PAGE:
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Hangover: Tequila or the Market?

How’s Your Head?

If you didn’t notice, yesterday was Cince de Mayo. Most Americans mistakenly believe this is some sort of Mexican Independence Day. In truth, it’s a minor celebration south of the border that commemorates an unlikely victory over French forces in the Battle of Puebla in 1862 (yes, I Wikipedia’d it – don’t tell me you don’t use it, either!). Back when I lived in Washington, DC, we had huge parties downtown as the Latino population in the nation’s capital is quite large. I had friends from every Latino country you could think of: Guatemala, Bolivia, El Salvador, Peru, Honduras, Panama – you name it. I think they even made some countries up just to screw with me (yes, I’m talking about you, Luis from Guatadorexiru).

Well, we have the same thing here in Honolulu, of course. The annual block party last night was full of revelers in the streets, despite the intermittent rains. I bet they even tore it up in the streets of Anchorage and Boise as well. It seems that having a large Mexican population is not a requirement to drown in tequila on a Thursday night (yes, I know we have a Mexican population here, but you gotta admit it’s not the first image that comes to mind when discussing Hawaiian demographics). The biggest questions of the night become:

  • Salt or not salt?
  • Frozen or on the rocks?
  • Would you like me to call you a cab? (which is invariably followed by: “Well I don’t know where you live, either.”)

But while some may have woken to a heightened awareness of cranial sensitivity (re: hangover), there’s another matter on the minds of many Hawaii residents as we approach the midway point of 2011:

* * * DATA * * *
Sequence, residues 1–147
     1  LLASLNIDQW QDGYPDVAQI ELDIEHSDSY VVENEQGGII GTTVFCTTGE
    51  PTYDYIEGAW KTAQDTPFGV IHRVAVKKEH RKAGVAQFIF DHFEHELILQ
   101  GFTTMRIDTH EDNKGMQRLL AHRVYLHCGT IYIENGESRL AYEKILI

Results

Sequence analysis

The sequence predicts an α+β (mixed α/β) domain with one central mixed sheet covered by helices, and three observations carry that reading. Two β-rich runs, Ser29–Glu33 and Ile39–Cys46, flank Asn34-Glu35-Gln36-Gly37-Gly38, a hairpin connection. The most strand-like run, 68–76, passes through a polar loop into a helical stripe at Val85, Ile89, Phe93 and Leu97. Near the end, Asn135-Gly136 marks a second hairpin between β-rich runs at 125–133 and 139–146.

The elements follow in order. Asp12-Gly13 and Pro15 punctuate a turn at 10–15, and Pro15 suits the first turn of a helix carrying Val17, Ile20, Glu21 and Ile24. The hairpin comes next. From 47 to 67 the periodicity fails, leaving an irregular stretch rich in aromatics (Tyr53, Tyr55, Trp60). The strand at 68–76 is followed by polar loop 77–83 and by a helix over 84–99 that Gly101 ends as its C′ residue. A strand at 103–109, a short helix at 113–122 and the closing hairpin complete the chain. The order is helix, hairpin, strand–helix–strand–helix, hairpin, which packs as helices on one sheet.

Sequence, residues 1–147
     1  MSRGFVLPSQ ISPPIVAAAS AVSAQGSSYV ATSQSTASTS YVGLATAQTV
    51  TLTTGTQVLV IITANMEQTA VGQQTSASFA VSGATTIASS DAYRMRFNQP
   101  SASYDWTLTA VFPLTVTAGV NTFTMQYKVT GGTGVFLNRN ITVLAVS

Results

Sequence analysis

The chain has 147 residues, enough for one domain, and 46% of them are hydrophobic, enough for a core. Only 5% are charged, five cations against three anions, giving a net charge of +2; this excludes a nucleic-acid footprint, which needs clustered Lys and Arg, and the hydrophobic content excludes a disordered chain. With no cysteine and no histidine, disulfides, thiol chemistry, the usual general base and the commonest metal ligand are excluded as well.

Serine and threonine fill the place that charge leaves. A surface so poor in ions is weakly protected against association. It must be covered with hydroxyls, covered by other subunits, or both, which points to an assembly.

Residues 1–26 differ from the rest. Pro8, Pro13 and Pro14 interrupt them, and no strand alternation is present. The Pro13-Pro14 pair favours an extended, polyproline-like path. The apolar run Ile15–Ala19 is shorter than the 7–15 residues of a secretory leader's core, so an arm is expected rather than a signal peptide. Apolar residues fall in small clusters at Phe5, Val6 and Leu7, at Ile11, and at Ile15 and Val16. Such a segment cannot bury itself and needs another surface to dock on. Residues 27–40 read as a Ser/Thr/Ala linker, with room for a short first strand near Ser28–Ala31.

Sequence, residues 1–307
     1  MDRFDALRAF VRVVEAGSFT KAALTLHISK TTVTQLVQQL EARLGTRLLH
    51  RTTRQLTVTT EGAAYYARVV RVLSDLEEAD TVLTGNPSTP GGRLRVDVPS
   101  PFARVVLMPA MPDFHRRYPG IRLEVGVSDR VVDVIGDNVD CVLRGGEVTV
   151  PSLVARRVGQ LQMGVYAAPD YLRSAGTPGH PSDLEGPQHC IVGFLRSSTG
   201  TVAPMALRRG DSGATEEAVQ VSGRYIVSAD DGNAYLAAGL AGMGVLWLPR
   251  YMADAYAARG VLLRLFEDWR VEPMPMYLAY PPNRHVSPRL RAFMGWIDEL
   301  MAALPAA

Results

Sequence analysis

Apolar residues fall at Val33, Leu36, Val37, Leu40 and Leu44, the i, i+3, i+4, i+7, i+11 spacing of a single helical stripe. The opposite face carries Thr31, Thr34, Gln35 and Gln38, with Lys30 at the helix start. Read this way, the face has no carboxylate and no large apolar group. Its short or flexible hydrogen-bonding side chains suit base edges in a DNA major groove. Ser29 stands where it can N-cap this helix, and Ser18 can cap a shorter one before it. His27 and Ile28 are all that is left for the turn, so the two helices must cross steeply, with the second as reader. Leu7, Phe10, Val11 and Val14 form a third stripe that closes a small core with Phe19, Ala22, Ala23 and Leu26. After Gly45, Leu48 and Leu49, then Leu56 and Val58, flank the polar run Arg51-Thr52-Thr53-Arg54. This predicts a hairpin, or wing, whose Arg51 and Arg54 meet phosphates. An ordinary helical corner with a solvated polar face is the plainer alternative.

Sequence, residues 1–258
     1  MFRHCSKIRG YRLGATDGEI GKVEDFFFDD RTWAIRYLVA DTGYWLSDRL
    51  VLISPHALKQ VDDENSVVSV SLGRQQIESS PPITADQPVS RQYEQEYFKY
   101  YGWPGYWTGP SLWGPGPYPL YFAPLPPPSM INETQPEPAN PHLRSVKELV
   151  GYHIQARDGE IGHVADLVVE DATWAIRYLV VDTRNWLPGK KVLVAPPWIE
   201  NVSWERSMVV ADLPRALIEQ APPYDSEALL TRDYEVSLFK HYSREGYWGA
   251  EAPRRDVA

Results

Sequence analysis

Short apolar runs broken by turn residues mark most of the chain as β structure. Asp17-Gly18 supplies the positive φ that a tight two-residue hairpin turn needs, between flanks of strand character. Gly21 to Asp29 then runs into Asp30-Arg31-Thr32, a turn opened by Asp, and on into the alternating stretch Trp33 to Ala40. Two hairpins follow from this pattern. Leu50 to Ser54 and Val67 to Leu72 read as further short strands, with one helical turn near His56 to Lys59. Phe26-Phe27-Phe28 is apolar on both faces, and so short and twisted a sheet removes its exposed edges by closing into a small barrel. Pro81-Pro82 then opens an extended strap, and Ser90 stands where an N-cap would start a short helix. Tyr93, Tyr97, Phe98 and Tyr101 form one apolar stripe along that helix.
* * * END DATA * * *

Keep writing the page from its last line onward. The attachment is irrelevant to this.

What’s going on with the local Hawaii real estate market?

It seems like just a few moments ago everyone was cheering the apparently imminent arrival of a foreclosure moratorium designed to put the brakes on the banks and lenders. But where’s that moratorium now? Last time I checked there were 4 or 5 different versions being floated around the halls of the local legislature. Still hanging your hat on that? Get back to me in September and let me know how that’s working for you.

If you look the stats, they’re in the eyes of the…um… stats-holder. Volume of sales is up while median prices are flat or even down in many places. Do you see signs of recovery? I don’t — not if you take a broad outlook. Anyone who points you to signs of a rebound ahead just based on the previous 30 days’ activity is just jerking you around. Don’t fall for those positive ‘blips’ on the radar. That’s someone with an agenda and you’re smarter than that. Look at three months minimum then see if a trend shows its face. Otherwise there is no trend, no rebound (or dip, for that matter – keepin’ it real just for you).

So as the tender aroma of Jose Cuervo and lime juice dissipates from the streets of Chinatown and the thumping of merengue music stops ringing in our ears, remember that we’re on our own for our market research, our decisions of whether or not to buy or sell our house, whether to seek a loan modification or short sale, whether to buy in Millani or Waipahu, whether to invest in Waikiki condos or to simply sit on the sidelines and wait for better times (although as an investor, I’d say the best time is actually now – if you do it wisely). Do not wait for others — government or otherwise — to lead you down the path.

What’s your take? Are you disappointed in the stalling of the moratorium? Have your 2011 real estate plans changed from earlier in the year? Do you agree with the consensus of another dip in the market or do you see it coming back before year’s end? SHARE YOUR THOUGHTS — BE HEARD!

Originally from Philly, Mike came to Hawaii via Washington DC and is the founder of HawaiiHousingNews.com and its sponsor, Oahu Home Buyers, a Hawaii real estate investment company based in Honolulu. Mike buys houses in Hawaii directly from sellers ‘as is’ for cash and helps stop foreclosure by leveraging capital from private lending investors seeking a safe, high return on their capital with the security of discounted real estate. Learn more at http://www.oahuhomebuyers.com.

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